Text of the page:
Regulations freezing out small business and families

Suncorp CEO Steve Johnston at the QFI 2024 Finance Summit.
Suncorp CEO Steve Johnston was one of the finance leaders warning about the potential impacts of overregulation on business and families. | Photo: Supplied by Queensland Futures Institute

Australia’s growing regulatory requirements are beginning to squeeze small business out of insurance work and prevent families from accessing finance.

Speakers at today’s Queensland Futures Institute 2024 Finance Summit said, while the burgeoning red tape was well-intentioned, it was having negative flow-on impacts.

Suncorp Group CEO Steve Johnston said there were growing requirements on insurance supply chain companies to provide reporting on things like cyber resilience, climate policies and human rights.

This was “absolutely directionally the right thing to do” but the requirements went beyond the capacity of the small businesses like “backyard motor vehicle repairers” that were a critical part of the insurance supply chain.

“I really do worry that we are going to shorten these supply chains up and concentrate them in a number of bigger players because its easy for us to get certification for them quickly,” he said.

“Many of them (the suppliers) are not going to be in Queensland and many are not going to be in Australia.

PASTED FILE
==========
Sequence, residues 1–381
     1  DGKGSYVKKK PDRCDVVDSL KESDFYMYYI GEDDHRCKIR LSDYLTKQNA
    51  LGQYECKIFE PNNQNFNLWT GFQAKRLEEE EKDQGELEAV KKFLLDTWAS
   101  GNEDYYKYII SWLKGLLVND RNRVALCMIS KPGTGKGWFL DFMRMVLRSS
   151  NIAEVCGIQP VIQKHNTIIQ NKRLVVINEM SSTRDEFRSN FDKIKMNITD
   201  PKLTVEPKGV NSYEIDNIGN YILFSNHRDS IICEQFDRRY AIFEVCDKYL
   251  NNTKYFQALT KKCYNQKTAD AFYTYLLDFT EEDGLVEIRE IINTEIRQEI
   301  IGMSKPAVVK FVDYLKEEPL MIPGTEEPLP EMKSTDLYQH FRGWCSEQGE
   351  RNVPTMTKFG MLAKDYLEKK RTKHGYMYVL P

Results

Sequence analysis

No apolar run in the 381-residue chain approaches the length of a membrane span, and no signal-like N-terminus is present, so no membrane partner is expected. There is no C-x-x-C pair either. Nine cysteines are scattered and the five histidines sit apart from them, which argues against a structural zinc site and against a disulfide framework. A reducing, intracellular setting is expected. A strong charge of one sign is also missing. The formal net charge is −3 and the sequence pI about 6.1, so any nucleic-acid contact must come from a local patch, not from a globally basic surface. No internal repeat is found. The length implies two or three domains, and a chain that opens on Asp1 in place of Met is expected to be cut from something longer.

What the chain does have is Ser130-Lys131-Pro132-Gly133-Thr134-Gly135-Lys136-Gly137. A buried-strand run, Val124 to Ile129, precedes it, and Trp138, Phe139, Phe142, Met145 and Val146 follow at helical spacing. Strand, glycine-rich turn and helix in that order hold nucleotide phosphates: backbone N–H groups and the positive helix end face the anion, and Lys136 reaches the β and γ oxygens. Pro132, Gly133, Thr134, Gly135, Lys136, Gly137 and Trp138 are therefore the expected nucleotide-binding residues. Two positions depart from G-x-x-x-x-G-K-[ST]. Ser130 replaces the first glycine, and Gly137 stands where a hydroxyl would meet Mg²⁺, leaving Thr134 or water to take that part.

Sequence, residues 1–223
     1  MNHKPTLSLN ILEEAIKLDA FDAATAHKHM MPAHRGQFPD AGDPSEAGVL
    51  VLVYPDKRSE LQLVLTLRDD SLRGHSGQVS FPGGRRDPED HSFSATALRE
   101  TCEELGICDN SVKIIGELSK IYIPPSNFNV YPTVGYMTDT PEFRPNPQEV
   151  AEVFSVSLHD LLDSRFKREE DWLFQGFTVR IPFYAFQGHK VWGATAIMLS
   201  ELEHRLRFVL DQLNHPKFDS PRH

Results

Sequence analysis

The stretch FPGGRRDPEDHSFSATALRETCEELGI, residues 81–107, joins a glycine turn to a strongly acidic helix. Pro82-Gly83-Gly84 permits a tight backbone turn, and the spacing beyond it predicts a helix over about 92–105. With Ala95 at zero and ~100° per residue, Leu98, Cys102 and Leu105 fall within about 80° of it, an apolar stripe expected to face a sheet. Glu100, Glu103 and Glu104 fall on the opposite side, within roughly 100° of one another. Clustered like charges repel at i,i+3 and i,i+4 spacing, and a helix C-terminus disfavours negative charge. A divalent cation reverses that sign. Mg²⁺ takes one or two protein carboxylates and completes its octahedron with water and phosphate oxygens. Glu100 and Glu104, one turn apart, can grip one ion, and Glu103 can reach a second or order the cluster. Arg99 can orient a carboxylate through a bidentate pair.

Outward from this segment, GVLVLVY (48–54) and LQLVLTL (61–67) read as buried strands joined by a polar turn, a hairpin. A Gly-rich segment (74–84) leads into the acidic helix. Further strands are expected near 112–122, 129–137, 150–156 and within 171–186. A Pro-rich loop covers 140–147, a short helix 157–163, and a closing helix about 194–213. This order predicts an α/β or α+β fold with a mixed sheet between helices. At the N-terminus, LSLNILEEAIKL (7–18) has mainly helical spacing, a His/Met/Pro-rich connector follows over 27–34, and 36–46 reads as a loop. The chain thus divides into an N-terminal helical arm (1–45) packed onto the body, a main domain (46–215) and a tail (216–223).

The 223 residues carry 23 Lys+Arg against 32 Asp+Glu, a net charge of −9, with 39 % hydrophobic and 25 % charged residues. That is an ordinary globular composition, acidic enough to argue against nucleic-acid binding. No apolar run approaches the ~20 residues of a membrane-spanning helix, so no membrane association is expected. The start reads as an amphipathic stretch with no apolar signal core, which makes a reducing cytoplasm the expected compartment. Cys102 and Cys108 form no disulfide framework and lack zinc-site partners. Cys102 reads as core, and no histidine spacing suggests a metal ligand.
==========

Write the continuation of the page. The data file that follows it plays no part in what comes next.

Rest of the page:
“The practical application of some of these…processes has to be managed very carefully or we run the risk of really shortening up our supply chains and driving our suppliers into a very small number of global providers.”

People First Bank CEO Peter Lock said it was important for regulators to have a coordinated approach to seeking company information and he hoped “cooler heads will prevail” on the appropriate amount of regulation.

He said regulation that went too deep would run counter to competition in the banking sector.

Regulators were “overegging it a little” and the result could be that small banks could not operate in the environment and ordinary people could not access finance.

“(It) comes down to accessibility,” he said. “That’s a problem. It’s becoming more and more difficult for ordinary Australians and ordinary Queenslanders to get access to finance because of the level of inquiry, the fear of getting it wrong, the fear of fines.

“It is stifling what should be good and sensible financial decisions.”

ANZ Group General Manager for Communications and Public Affairs Tony Warren said careful consideration needed to be given to where the regulatory line was drawn.

He said a road system with a 5km/h speed limit would be safe, but it would have other negative consequences.

Similarly, it was hard to have a banking system that was “perfectly safe and no one ever loses” because it created “all the snarl at the other end”.

“There is no right answer here” he said. “It’s always going to be a pendulum.

“How do we get that right so we get money into start-ups, we get money into businesses and we get money into first home buyers without overcompensating but doing it in a way that gets the economy running again.”

Dr Warren said there was a “cultural norm” in the industry to run a very low risk for good reason, but it may come at a very high cost.